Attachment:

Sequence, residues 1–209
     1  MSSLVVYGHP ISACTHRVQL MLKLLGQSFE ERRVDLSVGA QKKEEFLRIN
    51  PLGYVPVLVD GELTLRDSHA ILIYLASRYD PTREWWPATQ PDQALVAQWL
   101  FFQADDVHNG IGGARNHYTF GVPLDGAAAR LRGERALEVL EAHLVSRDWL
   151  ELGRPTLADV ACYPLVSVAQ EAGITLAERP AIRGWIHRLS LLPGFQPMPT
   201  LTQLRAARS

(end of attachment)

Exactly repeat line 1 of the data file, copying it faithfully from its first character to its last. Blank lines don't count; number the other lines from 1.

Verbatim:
Sequence, residues 1–209